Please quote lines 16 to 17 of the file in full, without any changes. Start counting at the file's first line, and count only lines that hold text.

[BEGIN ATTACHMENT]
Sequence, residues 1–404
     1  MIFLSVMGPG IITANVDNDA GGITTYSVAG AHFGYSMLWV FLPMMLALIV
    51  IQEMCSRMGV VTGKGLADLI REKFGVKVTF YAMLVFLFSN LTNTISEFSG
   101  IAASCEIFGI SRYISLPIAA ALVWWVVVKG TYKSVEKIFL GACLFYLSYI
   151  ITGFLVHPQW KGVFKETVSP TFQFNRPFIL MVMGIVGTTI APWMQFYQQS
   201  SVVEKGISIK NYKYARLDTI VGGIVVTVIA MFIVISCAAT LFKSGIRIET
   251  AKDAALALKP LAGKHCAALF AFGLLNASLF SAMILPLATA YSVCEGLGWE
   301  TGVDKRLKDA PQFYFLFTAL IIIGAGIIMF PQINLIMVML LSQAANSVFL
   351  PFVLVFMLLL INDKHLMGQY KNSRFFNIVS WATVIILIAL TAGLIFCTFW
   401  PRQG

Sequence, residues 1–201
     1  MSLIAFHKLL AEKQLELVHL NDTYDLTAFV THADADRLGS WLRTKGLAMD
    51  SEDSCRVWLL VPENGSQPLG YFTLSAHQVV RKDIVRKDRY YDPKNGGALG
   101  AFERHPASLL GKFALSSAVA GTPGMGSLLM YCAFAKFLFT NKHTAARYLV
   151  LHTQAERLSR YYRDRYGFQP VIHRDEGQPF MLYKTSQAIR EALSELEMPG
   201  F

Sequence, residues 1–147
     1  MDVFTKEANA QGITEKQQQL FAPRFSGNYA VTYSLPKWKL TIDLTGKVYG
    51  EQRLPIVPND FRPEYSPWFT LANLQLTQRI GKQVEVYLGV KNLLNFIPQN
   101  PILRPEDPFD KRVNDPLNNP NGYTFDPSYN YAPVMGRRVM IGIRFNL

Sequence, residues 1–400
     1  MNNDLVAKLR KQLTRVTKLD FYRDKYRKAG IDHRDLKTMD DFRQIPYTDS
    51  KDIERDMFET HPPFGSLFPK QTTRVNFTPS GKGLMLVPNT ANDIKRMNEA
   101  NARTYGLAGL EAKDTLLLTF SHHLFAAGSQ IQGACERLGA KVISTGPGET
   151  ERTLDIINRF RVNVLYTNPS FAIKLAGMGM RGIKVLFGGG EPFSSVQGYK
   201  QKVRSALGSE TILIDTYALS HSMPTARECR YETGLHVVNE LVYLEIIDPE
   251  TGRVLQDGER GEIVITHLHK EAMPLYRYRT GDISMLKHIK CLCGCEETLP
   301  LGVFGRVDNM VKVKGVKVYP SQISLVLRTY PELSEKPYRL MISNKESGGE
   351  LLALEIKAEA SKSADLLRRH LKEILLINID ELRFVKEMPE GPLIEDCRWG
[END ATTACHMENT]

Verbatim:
   201  F

Sequence, residues 1–147